»Go Slowly, Sands of Time«: 1/12
Uncle Scrooge loves his money. He loves the feel of it and the smell of it, and he loves to dive around in it like a porpoise and to burrow through it like a gopher and to toss it up and let it hit him on the head. He has three cubic acres of the stuff in his vast money bin, and his great joy is to count it and fondle it. He treasures each coin as if it were an irreplacable keepsake.
One day Uncle Scrooge got to worrying about what might become of all that money when he, its doting owner, must wing off to the great countinghouse in the sky. He considered the horrible prospect of leaving the fortune to his nephews, who would have no better sense than to spend it. The government of Duckburg would do likewise. Uncle Scrooge winced at the thought of even one of his precious coins being spent for milkshakes or baubles.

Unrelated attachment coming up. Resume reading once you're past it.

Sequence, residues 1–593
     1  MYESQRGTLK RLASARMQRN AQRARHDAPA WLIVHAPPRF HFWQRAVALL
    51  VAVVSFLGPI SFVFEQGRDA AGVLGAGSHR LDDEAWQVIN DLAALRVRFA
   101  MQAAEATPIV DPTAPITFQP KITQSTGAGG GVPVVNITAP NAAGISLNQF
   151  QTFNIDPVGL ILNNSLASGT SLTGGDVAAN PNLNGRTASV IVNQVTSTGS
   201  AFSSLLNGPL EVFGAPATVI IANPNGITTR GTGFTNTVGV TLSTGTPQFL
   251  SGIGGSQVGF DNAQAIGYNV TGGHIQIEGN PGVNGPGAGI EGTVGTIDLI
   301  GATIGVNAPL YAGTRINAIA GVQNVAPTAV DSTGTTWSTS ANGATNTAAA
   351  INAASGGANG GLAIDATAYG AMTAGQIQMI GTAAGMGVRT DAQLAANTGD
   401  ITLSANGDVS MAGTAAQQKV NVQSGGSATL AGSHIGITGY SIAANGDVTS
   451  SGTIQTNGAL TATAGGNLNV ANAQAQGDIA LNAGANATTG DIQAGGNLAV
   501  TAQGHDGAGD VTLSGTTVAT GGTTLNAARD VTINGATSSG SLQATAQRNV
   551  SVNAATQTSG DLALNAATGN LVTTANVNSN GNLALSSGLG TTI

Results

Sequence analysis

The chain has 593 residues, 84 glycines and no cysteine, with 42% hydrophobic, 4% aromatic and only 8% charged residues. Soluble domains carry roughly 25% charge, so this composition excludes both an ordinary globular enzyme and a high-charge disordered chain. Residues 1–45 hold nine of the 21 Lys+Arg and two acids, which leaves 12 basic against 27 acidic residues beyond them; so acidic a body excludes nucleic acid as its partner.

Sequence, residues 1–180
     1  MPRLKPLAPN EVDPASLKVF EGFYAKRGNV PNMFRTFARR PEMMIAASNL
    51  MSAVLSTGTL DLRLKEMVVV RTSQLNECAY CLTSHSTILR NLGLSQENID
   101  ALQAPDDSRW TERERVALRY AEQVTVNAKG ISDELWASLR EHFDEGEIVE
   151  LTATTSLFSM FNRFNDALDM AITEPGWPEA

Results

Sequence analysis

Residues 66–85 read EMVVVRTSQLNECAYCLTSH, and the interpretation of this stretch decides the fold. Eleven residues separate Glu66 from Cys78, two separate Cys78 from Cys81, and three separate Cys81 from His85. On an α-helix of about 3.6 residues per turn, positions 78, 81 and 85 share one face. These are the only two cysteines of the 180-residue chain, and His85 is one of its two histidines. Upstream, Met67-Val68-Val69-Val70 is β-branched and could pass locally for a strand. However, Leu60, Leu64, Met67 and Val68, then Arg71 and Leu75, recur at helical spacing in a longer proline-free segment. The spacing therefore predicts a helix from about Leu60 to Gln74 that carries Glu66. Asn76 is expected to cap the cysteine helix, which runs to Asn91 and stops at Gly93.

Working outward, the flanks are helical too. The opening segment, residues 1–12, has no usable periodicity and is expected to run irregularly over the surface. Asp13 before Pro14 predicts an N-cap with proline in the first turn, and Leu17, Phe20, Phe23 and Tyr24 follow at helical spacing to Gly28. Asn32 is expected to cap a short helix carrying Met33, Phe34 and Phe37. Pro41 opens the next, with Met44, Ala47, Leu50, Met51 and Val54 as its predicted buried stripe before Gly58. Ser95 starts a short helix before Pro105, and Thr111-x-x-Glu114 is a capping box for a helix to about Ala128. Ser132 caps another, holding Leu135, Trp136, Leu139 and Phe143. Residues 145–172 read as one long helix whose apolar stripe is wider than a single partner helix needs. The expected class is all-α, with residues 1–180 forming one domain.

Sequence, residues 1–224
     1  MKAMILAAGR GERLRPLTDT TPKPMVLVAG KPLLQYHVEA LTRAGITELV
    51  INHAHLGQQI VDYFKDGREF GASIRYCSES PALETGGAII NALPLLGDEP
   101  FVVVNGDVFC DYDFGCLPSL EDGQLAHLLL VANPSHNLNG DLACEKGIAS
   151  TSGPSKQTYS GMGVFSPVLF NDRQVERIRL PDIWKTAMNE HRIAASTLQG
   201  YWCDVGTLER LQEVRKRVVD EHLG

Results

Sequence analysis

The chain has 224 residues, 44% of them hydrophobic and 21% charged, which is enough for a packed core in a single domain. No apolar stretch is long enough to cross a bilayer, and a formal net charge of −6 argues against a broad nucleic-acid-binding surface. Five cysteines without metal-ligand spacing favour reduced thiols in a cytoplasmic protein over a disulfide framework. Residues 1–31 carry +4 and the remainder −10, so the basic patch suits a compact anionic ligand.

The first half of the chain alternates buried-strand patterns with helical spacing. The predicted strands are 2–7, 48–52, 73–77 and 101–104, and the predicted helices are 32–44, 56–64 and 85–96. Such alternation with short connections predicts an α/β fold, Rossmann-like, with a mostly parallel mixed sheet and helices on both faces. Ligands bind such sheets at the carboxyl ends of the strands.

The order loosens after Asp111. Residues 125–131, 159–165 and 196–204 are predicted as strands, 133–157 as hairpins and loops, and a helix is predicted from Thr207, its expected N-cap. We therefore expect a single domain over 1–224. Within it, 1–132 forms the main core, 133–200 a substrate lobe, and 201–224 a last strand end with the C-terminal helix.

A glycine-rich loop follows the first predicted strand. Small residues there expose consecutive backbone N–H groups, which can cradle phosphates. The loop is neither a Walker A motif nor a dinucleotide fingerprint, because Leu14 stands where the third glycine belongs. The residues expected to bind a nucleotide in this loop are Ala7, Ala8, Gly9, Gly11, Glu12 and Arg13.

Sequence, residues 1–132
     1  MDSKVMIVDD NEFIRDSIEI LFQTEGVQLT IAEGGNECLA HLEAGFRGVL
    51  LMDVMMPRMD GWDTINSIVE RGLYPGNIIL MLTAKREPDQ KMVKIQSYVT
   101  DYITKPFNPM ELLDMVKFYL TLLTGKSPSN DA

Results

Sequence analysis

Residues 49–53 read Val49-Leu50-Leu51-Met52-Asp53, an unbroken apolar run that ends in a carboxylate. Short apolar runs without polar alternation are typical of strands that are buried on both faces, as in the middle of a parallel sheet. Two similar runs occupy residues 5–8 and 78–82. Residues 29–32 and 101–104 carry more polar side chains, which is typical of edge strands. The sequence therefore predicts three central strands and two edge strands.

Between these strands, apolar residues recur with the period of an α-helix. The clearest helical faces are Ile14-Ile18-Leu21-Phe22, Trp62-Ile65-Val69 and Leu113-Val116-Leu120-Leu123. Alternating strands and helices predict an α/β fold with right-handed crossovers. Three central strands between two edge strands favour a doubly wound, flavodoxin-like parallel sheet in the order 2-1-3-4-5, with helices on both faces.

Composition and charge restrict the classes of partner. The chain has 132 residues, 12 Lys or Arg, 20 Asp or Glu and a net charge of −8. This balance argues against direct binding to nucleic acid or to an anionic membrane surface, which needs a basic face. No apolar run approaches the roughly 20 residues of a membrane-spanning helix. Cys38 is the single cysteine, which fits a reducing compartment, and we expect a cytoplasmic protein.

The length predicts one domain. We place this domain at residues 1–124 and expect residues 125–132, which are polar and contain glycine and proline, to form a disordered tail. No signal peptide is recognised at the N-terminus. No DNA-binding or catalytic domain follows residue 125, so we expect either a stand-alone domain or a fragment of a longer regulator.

This money hoard is a collection, he wailed to himself. It must be preserved en masse. He perceived that only while he, and he alone, lived and tended the money could the collection be kept intact. Well, he decided he would do the best he could for his poor, defenseless coins and greenbacks - and that was to live as long, as very long, as possible.
He wondered if somewhere in the worlds of food or air or chemistry there might be a rejuvenator that could keep his battery charging and his juices flowing - into infinity.
He summoned his nephews to help him search for a life stretcher.
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BarksBase by Gerd Syllwasschy · Last update: 16 January 2003
Illustration © Disney.